When I thought about coming home to the U.S., there were things I thought I'd never eat again and the Japanese-style custard/cream cakes were one of those things. It's not only that they weren't the most appealing of Japanese snacks (they're not), but rather that I expected not to have access to them. Surprisingly, they are quite easy to come by in Northern California. Even more surprisingly, they're often not particularly expensive. And far less surprisingly (3 surprises in one paragraph!), they're no better than I remembered.
Given my low expectations, one might wonder why I even bother to review such things. There are many reasons... nostalgia, hope springing eternal, the unusual flavor possibilities, stupidity... those are just a few of those reasons. Also, it is my "job" to do these posts for less than the wages paid to waiters and waitresses (which is to say, something around $2.30 an hour) and I have to review something. Beyond that, on the package, it says in English, "a first-class cook seasoned these dishes with advanced techniques and highest-class materials." That's some promise! How can I resist finding out just how advanced and high class they are?
Though these are covered with Japanese writing and look for all the world like they were made in Japan (no other language is on the package), they're actually made in Vietnam. Kinh Do Group mainly makes food, but has a few other businesses on the side. They sell a fruit candy which has a pretty cool name called "Crundy". It's not quite as awesome as Crunky (which sounds like a synthesis of "crunchy" and "funky"), but it's still pretty good. This sounds like the shotgun wedding between "cruddy" and "candy". If I ever find any "Crundy", I'm absolutely going to review it.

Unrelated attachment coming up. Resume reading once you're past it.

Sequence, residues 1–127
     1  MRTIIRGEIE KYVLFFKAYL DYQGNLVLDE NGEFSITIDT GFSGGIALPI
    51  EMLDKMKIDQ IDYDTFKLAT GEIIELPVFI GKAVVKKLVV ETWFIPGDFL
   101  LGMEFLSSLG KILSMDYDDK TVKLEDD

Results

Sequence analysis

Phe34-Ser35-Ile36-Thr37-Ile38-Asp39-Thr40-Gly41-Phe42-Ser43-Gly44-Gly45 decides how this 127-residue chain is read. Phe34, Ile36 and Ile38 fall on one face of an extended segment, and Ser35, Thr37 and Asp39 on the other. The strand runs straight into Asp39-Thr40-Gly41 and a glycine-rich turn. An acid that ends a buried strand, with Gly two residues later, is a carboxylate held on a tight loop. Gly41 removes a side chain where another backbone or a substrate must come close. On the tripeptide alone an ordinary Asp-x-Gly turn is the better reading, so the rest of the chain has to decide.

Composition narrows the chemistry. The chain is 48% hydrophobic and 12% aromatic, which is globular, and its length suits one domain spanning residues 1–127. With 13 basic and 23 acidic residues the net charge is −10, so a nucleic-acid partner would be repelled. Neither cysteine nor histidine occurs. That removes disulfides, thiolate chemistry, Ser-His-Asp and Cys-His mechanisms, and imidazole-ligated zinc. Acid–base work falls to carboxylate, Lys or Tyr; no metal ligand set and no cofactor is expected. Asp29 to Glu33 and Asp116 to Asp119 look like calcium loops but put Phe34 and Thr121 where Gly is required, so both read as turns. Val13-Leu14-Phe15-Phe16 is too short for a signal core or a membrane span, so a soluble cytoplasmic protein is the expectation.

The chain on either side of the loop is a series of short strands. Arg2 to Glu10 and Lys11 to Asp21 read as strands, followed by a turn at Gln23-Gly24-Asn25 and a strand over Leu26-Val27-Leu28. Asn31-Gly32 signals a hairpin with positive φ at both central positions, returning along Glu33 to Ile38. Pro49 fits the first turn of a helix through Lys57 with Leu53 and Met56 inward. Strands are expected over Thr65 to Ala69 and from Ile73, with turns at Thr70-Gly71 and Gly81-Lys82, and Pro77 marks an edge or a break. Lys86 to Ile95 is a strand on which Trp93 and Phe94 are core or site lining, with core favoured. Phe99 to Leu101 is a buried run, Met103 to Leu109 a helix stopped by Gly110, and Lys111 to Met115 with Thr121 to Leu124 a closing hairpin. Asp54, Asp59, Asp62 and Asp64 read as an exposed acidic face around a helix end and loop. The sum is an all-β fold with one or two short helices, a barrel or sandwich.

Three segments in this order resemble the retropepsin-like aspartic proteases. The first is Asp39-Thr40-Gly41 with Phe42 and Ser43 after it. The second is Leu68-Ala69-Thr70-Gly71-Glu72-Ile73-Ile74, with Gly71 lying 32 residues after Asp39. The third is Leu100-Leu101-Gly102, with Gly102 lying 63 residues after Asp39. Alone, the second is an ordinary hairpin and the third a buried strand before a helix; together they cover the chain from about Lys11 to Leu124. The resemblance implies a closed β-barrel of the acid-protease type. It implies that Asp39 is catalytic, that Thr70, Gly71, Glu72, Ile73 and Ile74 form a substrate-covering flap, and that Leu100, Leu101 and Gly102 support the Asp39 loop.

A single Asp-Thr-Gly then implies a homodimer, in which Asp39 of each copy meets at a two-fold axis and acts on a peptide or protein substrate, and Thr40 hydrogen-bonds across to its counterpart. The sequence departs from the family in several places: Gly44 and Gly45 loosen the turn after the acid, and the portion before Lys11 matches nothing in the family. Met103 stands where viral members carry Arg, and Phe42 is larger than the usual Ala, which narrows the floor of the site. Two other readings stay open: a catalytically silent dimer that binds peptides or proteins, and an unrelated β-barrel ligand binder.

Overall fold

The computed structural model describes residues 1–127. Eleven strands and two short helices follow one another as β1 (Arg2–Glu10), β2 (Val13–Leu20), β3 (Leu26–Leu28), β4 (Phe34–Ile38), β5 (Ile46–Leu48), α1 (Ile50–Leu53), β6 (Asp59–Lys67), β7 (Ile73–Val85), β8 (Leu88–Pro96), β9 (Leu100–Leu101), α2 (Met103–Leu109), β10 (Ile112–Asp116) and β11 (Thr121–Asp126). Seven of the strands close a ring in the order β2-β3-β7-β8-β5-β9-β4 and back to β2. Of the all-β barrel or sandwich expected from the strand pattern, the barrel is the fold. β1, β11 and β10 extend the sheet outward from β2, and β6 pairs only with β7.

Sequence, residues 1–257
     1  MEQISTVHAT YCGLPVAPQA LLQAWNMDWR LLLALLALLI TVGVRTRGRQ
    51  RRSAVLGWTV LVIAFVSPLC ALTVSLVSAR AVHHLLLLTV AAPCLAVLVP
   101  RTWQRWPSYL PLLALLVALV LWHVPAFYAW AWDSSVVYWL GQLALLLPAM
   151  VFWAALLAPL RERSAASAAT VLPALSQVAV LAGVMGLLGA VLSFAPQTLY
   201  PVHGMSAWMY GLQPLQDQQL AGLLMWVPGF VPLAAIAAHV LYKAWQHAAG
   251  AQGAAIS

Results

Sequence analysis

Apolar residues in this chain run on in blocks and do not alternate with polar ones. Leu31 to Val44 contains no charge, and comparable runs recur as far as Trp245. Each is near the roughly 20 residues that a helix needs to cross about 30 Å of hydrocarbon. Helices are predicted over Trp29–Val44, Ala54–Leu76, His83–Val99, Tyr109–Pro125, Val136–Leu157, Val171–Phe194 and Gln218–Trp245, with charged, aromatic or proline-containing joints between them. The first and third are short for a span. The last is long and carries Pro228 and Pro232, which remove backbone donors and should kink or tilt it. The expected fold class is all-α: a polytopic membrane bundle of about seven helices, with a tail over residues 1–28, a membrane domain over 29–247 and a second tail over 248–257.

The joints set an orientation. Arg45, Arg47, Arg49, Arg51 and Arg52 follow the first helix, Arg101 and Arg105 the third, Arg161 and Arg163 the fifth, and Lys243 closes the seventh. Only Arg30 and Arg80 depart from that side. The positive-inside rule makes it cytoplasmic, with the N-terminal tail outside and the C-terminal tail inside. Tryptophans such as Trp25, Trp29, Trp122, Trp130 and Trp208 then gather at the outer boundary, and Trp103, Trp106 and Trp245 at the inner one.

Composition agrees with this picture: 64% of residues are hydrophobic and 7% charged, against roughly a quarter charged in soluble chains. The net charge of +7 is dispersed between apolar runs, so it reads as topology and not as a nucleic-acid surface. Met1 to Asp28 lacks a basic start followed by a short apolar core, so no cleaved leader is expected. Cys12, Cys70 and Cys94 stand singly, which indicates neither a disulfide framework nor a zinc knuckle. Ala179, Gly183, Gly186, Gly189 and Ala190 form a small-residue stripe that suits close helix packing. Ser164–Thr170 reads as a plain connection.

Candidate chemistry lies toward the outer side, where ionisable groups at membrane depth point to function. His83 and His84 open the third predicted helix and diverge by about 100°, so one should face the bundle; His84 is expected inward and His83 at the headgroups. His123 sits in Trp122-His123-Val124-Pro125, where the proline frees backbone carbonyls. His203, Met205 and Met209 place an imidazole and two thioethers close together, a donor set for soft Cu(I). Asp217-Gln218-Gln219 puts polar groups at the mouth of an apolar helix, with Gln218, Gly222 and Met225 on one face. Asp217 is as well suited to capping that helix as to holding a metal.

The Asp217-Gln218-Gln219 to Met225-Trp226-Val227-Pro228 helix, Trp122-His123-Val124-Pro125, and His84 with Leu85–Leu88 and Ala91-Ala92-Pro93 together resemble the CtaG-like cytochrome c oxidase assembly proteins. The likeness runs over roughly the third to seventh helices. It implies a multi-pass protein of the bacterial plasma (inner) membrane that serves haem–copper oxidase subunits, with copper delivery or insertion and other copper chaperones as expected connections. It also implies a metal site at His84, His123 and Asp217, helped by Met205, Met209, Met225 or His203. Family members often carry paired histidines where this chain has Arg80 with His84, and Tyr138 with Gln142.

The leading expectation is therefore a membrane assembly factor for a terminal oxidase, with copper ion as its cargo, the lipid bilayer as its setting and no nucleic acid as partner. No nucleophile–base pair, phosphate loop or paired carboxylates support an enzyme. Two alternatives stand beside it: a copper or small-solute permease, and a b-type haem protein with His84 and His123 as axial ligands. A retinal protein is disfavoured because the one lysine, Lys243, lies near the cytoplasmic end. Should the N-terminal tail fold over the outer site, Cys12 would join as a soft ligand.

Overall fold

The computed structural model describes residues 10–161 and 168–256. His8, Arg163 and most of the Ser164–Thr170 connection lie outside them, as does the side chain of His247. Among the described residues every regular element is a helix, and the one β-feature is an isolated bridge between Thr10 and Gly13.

I found these on sale at Han Kook Korean market for the bargain price of $2.49 for a packet with 10 individually wrapped cakes about the size and appearance of a small hockey puck. They're about 3/4 of the size of my dainty lady palms. Each cake is 87 calories in Japanese, and apparently 90 calories in English (there are slightly different details in the nutrition information based on which you read). Based on the ingredients, most of those calories are coming from the "tiramisu cream" and the fat included in it. The major ingredient of it is "margarine", so there's some trans-fat goodness in there as well as palm oil and a host of chemicals. Yum, yum.
As you can see by the cutaway above, the cream is not exactly dominating the cake and the first one I ate actually had about half the cream you see in this one. I think it wasn't that it wasn't properly filled, but rather that some of it was absorbed into the cake through time. These were probably on the cheap side because they were closer to their expiration date than most customers might be comfortable with. One interesting aside about such dates in the U.S. for Asian products. In Japan, no one will touch such products and they aren't even sold in most shops. In the U.S., I regularly see expired or nearly expired products on sale. There's a whole section of Daiso Japan which always carries items past their sell-by dates. Instead of the usual $1.50 each, they're a dollar.
Getting back to this cake, however... This isn't a bad bit of shelf-stable cake at all. It's just not especially good either. If the filling were creamier and had more of a flavor profile, it might even be worth a semi-happy sumo rating despite the dry coffee-flavored cake. I'll finish the package very slowly over time, but it'll be the sort of thing that I eat when I have a craving for cake and there's nothing else in the house or when I have a feeling of wanting to eat some "bad" junk food. That means it'll probably take awhile to finish off 10 cakes.